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GPs to challenge PMS contract ruling in High Court

By Amy Fallon

Exclusive: A group of GPs has launched a landmark legal case against PCTs' right to unilaterally axe PMS contracts and will challenge health secretary Andrew Lansley in the High Court next month.

A judicial review on whether the secretary of state was entitled to introduce regulations permitting PCTs to terminate PMS agreements without cause has been set for June. The hearings have been brought by around 30 practices from Havering and Greenwich in London, a source told Pulse.

The case has been tabled as PCTs across London begin moves to write in 'variations' to PMS contracts that will reduce the payment per patient and impose a raft of additional performance management measures.

Pulse understands that some trusts are threatening to terminate contracts in cases where GPs do not agree to the terms, after the Department of Health inserted a new clause into PMS contract regulations last year effectively allowing 'without grounds' terminations.

The change to PMS regulations, brought in under the previous health secretary Andy Burnham, came after the test case of dentist Eddie Crouch in 2008, who established it was then illegal for PCTs to terminate the dentists' equivalent of a PMS contract without cause.

The DH revisions last year prompted a separate legal challenge by a PMS GP last June against NHS Havering, after it attempted to revise its PMS contracts to allow unilateral termination as a means of forcing through income cuts of up to 40%.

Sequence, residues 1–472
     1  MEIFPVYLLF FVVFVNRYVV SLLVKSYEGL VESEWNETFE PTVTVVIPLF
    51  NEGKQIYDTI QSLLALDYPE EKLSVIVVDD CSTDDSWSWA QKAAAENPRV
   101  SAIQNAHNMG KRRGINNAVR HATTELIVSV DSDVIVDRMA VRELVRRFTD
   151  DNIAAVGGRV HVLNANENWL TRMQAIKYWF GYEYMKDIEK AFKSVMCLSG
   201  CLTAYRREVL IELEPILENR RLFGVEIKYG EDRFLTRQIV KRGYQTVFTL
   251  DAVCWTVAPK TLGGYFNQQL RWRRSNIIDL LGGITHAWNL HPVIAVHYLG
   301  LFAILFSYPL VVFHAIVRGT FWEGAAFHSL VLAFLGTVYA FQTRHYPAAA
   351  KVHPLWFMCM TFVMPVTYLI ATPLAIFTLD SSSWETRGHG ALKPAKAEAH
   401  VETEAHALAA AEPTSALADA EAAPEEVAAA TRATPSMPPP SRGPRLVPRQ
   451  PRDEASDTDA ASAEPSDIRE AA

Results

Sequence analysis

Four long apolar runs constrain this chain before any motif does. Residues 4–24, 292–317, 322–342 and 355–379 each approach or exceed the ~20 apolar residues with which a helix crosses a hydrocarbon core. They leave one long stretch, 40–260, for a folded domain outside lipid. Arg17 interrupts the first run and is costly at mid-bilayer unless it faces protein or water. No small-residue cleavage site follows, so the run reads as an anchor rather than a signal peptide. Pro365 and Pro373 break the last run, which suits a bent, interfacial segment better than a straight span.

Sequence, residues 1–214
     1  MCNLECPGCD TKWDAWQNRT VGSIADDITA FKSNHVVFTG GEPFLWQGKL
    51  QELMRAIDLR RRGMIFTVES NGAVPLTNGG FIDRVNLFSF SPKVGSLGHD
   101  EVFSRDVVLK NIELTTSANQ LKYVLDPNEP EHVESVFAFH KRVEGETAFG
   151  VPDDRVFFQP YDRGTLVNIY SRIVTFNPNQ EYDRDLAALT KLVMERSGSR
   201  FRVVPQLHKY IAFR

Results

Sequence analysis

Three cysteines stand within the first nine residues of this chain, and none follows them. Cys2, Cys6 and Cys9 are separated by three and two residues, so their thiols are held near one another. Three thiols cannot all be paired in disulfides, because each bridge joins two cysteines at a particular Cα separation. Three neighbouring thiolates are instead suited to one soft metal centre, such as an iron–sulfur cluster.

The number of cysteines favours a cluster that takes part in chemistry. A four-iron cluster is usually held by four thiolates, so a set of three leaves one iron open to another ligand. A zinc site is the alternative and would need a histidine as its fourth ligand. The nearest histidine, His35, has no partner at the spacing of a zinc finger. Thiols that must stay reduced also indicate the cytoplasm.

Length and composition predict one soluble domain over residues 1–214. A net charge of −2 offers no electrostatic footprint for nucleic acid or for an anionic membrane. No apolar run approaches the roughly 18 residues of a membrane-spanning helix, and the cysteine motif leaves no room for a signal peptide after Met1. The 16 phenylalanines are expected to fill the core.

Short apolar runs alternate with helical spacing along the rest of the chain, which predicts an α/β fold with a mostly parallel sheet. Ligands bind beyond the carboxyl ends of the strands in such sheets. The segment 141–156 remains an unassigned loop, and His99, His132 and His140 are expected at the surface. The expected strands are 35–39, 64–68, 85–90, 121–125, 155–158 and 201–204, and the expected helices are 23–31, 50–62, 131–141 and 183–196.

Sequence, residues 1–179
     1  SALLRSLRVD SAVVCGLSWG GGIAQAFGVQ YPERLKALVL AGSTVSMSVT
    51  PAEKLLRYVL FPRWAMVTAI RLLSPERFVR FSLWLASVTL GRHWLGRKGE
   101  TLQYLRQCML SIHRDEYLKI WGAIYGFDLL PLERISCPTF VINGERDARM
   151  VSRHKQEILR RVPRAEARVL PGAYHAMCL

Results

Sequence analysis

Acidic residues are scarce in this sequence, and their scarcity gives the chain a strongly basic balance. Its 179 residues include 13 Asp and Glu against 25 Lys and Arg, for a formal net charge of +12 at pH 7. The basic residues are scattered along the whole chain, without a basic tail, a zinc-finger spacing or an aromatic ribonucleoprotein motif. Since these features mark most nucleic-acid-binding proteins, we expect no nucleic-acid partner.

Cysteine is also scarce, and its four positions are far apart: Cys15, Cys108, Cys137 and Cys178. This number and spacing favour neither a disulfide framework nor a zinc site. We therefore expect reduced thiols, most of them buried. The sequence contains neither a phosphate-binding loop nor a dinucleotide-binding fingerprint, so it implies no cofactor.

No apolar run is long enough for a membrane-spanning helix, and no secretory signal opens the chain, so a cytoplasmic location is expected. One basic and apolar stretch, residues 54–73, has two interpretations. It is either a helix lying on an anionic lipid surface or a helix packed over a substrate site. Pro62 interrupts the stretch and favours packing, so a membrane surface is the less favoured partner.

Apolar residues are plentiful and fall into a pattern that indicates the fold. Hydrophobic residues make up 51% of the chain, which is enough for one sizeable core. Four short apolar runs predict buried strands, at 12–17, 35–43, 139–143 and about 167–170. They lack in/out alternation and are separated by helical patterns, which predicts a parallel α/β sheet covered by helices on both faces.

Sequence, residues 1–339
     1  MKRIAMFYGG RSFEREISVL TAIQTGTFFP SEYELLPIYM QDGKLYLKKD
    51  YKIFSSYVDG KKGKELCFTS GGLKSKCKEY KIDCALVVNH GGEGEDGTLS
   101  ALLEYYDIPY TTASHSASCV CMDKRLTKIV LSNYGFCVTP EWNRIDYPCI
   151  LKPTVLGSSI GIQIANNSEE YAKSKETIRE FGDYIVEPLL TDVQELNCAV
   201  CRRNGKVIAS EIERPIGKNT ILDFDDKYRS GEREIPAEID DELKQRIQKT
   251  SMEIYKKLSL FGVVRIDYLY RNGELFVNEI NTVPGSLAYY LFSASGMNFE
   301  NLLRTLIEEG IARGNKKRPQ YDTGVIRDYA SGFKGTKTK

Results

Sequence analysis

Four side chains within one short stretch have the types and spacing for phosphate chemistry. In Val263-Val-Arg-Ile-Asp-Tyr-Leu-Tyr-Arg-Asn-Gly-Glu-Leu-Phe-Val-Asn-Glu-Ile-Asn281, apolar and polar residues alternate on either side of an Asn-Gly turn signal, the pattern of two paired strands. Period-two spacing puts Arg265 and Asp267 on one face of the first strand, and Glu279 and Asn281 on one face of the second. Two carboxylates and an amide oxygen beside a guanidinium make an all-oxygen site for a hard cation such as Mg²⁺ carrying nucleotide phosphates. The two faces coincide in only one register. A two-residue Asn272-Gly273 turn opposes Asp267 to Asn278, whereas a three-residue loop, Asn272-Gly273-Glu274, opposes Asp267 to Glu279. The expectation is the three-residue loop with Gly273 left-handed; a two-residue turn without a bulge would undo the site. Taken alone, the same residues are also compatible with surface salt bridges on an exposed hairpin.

At the time, NHS Havering withdrew the proposed changes, saying it would reissue them to comply with due process.

Barrister Simon Butler, from Ely Place Chambers – who secured victory for the dentists in 2008 and worked on the Havering case – told Pulse he has now been instructed on behalf of a GP in Havering.

Dr Karim Jan-Mohamed, a GP in Greenwich, is also named as a claimant, according to court officials.

'The short answer is that there's going to be a judicial review on PMS and the termination clauses currently used by some practices,' Dr Jan-Mohamed confirmed.

Another GP in south-east London involved in the case, who asked not to be named, told Pulse: 'Our variation contains numerous targets and policing, with ever-increasing performance management pressures. I am in favour of transparency and good standards, but I think general practice is in danger of suffocation. If the PCTs get away with these variations, it won't be long before the Government does the same with any national GP contract.'

Both NHS South East London and the Department of Health said they could not comment while court proceedings were ongoing.

GPC negotiator Dr Chaand Nagpaul said: 'Threats of terminations can only be disruptive and reduce morale.'

Dr Surendra Dhariwal, a PMS GP in Newham, east London, said he 'strongly supported' the legal challenge: 'This law is not only be against natural justice, but also against the human rights of a doctor.'

Dr Surendra Dhariwal

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